Mississippi History Museums

Signage promoting the two new Mississippi history museums rests before the Museum of Mississippi History, left, and the Mississippi Civil Rights Museum, Friday, Sept. 22, 2017, in Jackson, Miss. The facilities are in the process of preparing exhibits for placement in the two buildings. (AP Photo/Rogelio V. Solis)

JACKSON • The Legislature is considering an overhaul of how the nine-member board of trustees for the Mississippi Department of Archives and History is set up, transforming it into a politician-appointed panel rather than a body that selects its own members.

For more than a century, that board and the agency, one of the oldest in the nation, has quietly sought to preserve Mississippi’s past — from prehistoric artifacts, to Civil War documents, to Civil Rights-era exhibits.

The proposal to tinker with the agency's leadership has garnered concerns from a prominent Northeast Mississippi lawmaker and others who question why such a change is necessary, and whether it could politicize an agency that should be insulated from such influence.

“This completely revamps the board of archives and history,” Sen. Hob Bryan, D-Amory, warned his Senate colleagues last week. “I don’t know of any public discussion of this or anything — it’s just all of a sudden, one afternoon, we’re doing this.”

Under Senate Bill 2727 — which cleared the Senate on a party-line vote and now goes to the House — the governor and lieutenant governor would alternate appointing new MDAH trustees for six-year terms. The appointments would then be confirmed or rejected by the Senate.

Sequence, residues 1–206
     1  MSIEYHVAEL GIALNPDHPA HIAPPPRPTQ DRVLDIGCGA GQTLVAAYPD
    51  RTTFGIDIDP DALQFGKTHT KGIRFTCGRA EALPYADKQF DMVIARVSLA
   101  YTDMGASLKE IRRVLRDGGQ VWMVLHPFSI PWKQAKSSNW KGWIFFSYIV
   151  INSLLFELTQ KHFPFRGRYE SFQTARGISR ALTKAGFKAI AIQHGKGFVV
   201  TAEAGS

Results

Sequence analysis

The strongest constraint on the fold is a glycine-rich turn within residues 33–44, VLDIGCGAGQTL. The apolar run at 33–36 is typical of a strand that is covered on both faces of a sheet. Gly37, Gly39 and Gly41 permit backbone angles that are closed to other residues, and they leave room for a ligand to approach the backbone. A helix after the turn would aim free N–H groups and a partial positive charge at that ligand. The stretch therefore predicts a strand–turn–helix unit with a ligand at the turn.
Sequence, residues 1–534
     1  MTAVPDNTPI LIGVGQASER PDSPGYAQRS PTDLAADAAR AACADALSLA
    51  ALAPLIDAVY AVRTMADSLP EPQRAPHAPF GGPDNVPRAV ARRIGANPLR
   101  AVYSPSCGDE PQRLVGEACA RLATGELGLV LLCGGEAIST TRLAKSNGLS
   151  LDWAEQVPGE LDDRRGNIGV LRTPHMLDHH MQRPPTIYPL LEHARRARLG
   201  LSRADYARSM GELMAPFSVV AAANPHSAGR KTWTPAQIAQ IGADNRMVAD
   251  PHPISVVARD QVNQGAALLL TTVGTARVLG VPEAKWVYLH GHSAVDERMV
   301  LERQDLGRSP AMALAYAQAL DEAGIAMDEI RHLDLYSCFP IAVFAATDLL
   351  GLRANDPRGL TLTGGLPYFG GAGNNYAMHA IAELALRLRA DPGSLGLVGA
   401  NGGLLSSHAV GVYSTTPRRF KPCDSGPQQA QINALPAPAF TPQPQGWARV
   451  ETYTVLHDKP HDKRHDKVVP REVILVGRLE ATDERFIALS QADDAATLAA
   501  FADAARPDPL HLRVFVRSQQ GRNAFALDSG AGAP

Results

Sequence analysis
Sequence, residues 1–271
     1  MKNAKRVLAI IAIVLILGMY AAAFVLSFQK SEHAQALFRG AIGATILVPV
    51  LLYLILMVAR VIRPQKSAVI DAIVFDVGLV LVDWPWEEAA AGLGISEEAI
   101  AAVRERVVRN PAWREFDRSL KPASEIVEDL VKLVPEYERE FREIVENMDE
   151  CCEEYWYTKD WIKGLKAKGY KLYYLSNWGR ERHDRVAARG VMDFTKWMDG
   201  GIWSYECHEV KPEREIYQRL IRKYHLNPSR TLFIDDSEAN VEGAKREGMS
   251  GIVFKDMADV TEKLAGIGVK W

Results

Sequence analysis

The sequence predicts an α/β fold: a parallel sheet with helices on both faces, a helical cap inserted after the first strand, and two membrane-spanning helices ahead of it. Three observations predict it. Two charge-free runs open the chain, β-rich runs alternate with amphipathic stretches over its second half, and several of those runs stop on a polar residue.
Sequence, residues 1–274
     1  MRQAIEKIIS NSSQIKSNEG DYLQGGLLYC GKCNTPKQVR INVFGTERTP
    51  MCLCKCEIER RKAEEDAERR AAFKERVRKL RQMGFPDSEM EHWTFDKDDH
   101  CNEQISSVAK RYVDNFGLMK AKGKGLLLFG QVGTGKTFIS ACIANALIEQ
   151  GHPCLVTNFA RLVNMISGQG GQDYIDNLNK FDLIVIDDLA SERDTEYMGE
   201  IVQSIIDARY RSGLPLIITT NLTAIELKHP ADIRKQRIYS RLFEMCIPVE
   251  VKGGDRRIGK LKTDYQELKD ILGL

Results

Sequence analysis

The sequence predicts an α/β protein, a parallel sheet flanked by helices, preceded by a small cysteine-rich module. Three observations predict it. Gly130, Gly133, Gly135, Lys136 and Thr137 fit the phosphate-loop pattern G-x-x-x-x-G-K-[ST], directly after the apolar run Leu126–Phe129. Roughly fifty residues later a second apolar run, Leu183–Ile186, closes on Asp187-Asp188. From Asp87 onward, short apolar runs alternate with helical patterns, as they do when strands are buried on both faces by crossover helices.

The way it's set up now, the board is self-perpetuating. That means the board itself approves new members when someone resigns or when a term ends. The selection is then forwarded to the Senate for confirmation.

The author of the legislation, Sen. Mike Thompson, R-Long Beach, said the board is “one of the only” in the state that picks its own members, which struck him as odd.

“This is simply about having some accountability, where an elected official makes an appointment, and can be held responsible for that appointment and the goings-on of the board,” Thompson said last week. “It’s a simple act of accountability that is currently not there.”

Sen. John Polk, R-Hattiesburg, also supported the bill as chairman of the Accountability, Efficiency and Transparency Committee. He told his Senate colleagues Monday there was no specific problem that led to the legislation, but a political appointee system would lead to more accountability for taxpayers.

“After a while you will see a board start thinking like itself,” Polk said. “So this bill that we are going to pass today will show that you and your constituents have more control over the hundreds of millions of dollars over these years that will have been spent on archives and history."

Polk told his Senate colleagues that the board’s “diversity of thought, as far as archives and especially history, is maybe a little myopic, and we need some new thought in there.” Polk did not respond to a message from the Daily Journal on Tuesday seeking more details.